Denmark is to cull all its farmed minks, after animals caught coronavirus from humans. It fears mutations passed from minks to humans may resist vaccines.

6 November 2020 By Paul Martin

A photo of a mink in a farm in Hjoerring, in North Jutland, Denmark, on October 8, 2020

Fears that the Coronavirus causing Covid-19 will mutate and prevent effective antibodies have led to Denmark deciding to cull all farmed mink in the country.

Denmark is the world’s largest producer of farmed mink, of which there are 15 million animals located at over a thousand farms. Their fur is mainly used for women’s coats.

Besides being very warm, these coats also protect a wearer from rain, as they’re naturally coated in oil to repel water.

Several hundred Danish farms have reported SARS-CoV-2 infections ravaging their mink.

Scientists at the State Serum Institute, the Danish government’s public health and infectious disease arm, say they have become concerned that the virus, as it has spread, has begun to mutate. This may or may not lead to changes in how it infects cells or how easily it spreads. 

From LiveScience.

If a new variant of the virus spreads to humans, virologists worry that the COVID-19 vaccines currently in development may not work as well against it.

The Netherlands was the first country to report mutations of the virus in mink. Now, twelve people in Denmark have been identified as having caught the mutation of the virus from mink, the Danish Prime Minister Mette Frederiksen said at a media conference. 

“We have a great responsibility towards our own population, but with the mutation that has now been found, we have an even greater responsibility for the rest of the world as well,” Frederiksen said at the press conference.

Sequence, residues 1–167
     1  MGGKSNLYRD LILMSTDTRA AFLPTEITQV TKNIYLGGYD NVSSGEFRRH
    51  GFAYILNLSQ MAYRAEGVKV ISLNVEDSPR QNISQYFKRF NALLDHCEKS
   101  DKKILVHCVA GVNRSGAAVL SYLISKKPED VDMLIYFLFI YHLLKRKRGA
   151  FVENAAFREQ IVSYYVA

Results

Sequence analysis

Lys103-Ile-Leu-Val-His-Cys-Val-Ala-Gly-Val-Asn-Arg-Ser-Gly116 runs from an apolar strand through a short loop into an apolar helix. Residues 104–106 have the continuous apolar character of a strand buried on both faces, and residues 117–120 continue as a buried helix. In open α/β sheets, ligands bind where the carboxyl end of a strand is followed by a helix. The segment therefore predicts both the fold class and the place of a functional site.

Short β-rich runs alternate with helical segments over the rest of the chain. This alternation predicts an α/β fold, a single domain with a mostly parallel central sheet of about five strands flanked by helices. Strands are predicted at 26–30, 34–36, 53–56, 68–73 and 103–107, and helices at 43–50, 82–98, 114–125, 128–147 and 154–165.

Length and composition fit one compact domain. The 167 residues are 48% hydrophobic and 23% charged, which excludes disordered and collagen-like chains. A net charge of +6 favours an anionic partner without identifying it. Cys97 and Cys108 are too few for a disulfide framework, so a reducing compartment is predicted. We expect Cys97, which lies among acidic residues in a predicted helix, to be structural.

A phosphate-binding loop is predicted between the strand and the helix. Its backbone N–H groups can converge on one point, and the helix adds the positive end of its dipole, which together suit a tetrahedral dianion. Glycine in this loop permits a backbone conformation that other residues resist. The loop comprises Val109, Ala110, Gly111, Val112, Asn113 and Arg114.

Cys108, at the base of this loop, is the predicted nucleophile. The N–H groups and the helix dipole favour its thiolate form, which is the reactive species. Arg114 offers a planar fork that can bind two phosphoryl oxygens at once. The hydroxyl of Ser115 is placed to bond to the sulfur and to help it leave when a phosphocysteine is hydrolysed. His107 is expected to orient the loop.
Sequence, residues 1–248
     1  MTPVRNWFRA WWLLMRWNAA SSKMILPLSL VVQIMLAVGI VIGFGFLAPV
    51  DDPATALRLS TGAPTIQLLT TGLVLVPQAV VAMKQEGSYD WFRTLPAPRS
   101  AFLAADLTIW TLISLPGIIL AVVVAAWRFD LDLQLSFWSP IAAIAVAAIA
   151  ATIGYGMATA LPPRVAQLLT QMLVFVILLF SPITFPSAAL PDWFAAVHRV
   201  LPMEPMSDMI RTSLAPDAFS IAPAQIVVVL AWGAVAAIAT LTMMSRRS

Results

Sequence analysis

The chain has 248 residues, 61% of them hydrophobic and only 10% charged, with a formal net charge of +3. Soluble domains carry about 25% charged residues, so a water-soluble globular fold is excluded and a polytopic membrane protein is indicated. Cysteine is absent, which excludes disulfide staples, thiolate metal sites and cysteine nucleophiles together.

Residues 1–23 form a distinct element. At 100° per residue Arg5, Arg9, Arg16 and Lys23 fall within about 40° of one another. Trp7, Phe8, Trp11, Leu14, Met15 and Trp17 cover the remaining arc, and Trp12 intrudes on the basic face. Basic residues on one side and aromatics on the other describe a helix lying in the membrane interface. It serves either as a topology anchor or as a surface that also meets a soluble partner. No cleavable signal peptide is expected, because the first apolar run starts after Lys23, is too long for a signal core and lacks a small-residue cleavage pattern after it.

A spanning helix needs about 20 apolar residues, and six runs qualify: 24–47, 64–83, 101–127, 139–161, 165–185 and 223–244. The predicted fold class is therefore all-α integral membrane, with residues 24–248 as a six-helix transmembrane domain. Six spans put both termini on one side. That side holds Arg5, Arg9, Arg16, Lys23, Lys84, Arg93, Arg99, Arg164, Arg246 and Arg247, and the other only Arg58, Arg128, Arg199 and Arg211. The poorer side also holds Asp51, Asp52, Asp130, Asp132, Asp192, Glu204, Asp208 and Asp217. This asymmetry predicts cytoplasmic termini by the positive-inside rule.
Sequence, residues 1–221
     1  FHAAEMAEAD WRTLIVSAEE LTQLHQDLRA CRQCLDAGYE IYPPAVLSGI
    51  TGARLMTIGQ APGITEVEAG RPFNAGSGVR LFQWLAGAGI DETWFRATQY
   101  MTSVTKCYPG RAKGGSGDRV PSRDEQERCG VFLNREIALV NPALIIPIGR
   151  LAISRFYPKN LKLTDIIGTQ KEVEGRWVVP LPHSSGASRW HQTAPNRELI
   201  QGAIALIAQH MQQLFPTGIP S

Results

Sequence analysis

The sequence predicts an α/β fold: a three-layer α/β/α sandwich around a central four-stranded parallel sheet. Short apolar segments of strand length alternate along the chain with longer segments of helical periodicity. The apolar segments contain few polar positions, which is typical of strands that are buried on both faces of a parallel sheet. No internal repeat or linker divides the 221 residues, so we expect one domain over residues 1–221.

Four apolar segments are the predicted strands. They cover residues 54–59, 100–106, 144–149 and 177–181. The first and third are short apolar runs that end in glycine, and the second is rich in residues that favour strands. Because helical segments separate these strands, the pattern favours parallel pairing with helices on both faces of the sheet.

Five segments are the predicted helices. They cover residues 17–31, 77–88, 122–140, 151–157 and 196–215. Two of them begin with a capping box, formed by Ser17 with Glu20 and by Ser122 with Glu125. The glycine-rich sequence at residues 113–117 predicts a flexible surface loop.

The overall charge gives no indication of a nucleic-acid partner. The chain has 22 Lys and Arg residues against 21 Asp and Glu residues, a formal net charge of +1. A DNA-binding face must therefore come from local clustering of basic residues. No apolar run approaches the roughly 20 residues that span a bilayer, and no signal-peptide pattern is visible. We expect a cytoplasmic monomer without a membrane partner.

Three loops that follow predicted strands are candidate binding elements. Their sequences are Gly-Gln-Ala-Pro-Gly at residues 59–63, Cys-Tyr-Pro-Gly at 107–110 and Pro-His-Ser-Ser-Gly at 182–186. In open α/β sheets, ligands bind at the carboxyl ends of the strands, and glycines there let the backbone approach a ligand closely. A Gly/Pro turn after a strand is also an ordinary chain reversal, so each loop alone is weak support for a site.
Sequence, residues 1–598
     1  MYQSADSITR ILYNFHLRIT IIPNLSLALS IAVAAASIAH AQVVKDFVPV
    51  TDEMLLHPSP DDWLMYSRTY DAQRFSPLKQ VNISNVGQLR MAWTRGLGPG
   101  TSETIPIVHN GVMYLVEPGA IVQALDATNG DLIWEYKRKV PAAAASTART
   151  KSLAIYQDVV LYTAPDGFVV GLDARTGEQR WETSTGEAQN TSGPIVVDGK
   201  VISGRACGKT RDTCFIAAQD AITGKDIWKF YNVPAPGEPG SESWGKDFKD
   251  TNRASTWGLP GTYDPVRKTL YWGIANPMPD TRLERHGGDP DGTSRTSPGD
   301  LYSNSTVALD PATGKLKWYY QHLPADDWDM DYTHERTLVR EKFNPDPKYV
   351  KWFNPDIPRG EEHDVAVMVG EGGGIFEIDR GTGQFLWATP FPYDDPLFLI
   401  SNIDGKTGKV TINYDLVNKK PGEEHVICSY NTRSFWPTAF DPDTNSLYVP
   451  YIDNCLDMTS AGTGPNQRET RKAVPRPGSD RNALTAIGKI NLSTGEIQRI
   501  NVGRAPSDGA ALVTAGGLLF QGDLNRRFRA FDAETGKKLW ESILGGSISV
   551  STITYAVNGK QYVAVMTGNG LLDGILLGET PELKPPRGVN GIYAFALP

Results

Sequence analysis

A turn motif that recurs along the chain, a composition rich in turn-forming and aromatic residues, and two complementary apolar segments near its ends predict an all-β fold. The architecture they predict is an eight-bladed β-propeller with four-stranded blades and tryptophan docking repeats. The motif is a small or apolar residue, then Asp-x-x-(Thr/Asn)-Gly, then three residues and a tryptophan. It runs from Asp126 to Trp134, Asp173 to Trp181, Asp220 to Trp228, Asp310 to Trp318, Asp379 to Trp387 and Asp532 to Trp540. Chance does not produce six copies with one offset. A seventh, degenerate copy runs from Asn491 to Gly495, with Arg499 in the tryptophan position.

Research by the State Serum Institute suggests that, in infected people, the mutated virus shows “reduced susceptibility to antibodies,” she said. But no details have been shared about how that conclusion was reached. Until those details are published, statements about how the mutated virus interacts with the human immune system cannot be properly evaluated, Stanley Perlman, a microbiologist at the University of Iowa, told the Times. 

Worldwide, more than 50 million mink a year are bred for their fur. It happens mainly in China, Denmark, the Netherlands and Poland. Outbreaks have been reported in fur farms in the Netherlands, Denmark, Spain, Sweden and the US.

Farmed minks began contracting the novel coronavirus in the Netherlands as early as April, and in June several farm workers reportedly caught the virus from the sick animals. Some infected minks show no overt symptoms, while others can develop runny noses, difficulty in breathing and pneumonia, Science Magazine reported. By mid-June, 12 of about 130 Dutch mink farms had cited cases of the mutated virus. 

At this point, mink SARS-CoV-2 infections have been reported in several additional countries, including Spain, Sweden and the United States, where thousands of mink were recently culled in Utah. Worldwide, millions of farmed mink have already been culled due to these outbreaks.